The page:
How straight is straight?

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snipped-for-privacy@milmac.com (Doug Miller) wrote in

Sheesh.
0.0002"=5 microns off straight over a foot 0.002"P microns off straight over a foot
For reference, a human hair is about 100 microns thick. Talk about splitting hairs.
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Nate Perkins notes:

And anyone who REALLY gets their tools set up to .002" is way past where they need to be when working wood.
Results on the best days are going to be within 1/64" or so, with the very, very, very occasional dip to 1/128". Unless you're making a damned small box, moving it from bedroom to kitchen when the dishwasher is in use will make it move nearly that much.
With my eyesight as it is now (fairly good except for excessive floaters), I doubt I could see a difference between 0.0002" and 0.002" on my table saw table even if the straight edge would show it. And if I could, I'd still leave it alone.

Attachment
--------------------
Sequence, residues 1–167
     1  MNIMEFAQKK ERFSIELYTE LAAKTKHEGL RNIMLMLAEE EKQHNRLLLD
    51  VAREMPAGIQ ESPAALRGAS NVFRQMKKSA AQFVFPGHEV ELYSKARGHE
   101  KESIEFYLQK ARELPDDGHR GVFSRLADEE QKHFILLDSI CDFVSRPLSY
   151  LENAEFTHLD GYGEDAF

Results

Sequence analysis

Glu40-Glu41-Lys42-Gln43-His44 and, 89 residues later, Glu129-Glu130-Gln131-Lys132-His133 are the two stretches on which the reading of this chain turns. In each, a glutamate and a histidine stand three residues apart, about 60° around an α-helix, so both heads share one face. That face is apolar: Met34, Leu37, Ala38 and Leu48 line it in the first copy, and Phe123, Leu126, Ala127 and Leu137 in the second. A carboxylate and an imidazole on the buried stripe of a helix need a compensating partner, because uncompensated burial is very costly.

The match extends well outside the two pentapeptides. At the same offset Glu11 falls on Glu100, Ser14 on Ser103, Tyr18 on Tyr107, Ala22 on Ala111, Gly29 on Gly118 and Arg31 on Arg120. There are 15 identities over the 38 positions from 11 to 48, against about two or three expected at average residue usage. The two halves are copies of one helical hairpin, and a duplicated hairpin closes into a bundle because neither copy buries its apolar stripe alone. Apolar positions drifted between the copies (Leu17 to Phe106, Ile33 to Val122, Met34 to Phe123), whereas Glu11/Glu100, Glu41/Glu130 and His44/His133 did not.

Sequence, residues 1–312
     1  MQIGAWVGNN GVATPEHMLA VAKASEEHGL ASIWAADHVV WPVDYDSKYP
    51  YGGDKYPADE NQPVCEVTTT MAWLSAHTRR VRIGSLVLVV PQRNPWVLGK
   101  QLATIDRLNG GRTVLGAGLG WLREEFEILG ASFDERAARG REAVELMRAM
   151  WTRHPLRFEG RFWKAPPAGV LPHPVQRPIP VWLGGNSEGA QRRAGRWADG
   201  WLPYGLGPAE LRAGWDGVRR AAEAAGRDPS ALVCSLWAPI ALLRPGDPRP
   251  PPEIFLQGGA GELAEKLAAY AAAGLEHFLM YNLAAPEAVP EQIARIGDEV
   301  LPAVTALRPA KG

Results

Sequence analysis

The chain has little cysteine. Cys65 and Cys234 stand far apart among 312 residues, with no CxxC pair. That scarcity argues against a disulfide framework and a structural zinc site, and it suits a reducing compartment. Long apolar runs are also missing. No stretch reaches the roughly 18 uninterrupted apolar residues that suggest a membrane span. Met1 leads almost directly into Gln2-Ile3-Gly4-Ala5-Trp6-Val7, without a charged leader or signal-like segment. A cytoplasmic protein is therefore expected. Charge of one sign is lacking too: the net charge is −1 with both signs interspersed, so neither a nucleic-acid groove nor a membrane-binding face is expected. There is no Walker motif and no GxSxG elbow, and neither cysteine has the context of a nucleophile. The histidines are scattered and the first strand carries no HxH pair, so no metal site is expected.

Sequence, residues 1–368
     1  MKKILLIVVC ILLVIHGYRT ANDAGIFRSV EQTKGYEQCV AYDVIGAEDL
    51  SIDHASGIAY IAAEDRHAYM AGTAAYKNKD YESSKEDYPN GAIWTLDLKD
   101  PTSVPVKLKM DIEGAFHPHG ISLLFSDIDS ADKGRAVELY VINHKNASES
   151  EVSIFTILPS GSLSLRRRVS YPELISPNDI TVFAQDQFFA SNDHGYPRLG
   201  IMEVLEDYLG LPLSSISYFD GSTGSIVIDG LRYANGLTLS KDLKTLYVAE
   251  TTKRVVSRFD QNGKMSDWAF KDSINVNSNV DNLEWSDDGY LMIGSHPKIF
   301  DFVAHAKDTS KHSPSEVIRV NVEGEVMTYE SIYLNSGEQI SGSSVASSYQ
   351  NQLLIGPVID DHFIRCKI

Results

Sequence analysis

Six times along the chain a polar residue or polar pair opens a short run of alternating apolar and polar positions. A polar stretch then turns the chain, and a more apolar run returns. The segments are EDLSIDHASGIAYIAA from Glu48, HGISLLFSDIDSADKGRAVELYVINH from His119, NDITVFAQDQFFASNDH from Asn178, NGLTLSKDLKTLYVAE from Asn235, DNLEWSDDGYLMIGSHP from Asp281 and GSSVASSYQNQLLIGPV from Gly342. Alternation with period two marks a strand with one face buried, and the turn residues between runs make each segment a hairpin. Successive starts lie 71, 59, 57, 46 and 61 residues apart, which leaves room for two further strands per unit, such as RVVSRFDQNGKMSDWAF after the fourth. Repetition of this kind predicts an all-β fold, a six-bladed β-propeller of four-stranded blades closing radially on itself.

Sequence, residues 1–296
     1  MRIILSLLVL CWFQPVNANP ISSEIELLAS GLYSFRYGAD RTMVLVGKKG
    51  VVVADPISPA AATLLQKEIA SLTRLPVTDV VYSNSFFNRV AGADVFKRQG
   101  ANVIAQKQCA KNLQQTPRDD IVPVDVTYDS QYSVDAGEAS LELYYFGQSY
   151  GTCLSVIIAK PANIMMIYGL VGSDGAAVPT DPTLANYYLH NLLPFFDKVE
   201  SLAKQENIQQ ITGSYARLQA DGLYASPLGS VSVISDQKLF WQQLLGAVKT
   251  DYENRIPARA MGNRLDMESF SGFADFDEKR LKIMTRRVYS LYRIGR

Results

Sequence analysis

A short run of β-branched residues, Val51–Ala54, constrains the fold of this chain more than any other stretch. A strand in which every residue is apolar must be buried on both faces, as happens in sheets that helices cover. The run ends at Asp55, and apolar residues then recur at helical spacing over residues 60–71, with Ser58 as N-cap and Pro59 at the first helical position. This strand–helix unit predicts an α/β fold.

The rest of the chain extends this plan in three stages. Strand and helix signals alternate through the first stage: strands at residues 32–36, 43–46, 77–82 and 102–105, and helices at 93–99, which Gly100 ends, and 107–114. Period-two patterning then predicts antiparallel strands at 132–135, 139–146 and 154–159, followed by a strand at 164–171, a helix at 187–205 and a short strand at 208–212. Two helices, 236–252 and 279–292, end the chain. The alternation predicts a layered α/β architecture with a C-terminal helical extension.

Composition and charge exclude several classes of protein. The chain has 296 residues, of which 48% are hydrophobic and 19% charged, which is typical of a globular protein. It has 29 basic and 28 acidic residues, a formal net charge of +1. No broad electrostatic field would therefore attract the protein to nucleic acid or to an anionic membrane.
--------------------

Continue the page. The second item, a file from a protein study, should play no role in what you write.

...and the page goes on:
Charlie Self "One of the common denominators I have found is that expectations rise above that which is expected." George W. Bush
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(Charlie Self) wrote:

All of which is correct, but misses the point of the thread. The original post asked, in essence, why is the Starrett more expensive, yet less accurate, than the Lee Valley; this was shown to be a misconception. Whether the 2.5x greater accuracy of the Starrett is needed for woodworking is a different discussion.
-- Regards, Doug Miller (alphageek-at-milmac-dot-com)
Get a copy of my NEW AND IMPROVED TrollFilter for NewsProxy/Nfilter by sending email to autoresponder at filterinfo-at-milmac-dot-com You must use your REAL email address to get a response.
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Yes Doug -- you hit the point of the discussion right on the head. I've noticed that these threads take on a life of their own and usually morph into completely different discussions. In this case, it has, at least, stayed constructive.
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Charlie, You are correct about wood: that 0.002 is way past where you need to be. However, for machining steel parts, 0.0002" is really nice.
Also, seems to me that if your stratig ege reference has an error of up x, then your jointer can be up to square root of (2 x squared), root mean squared (RMS). If you join two pieces that also gets RMS'ed so the error is potentially twice the eror in the original reference straigth edge.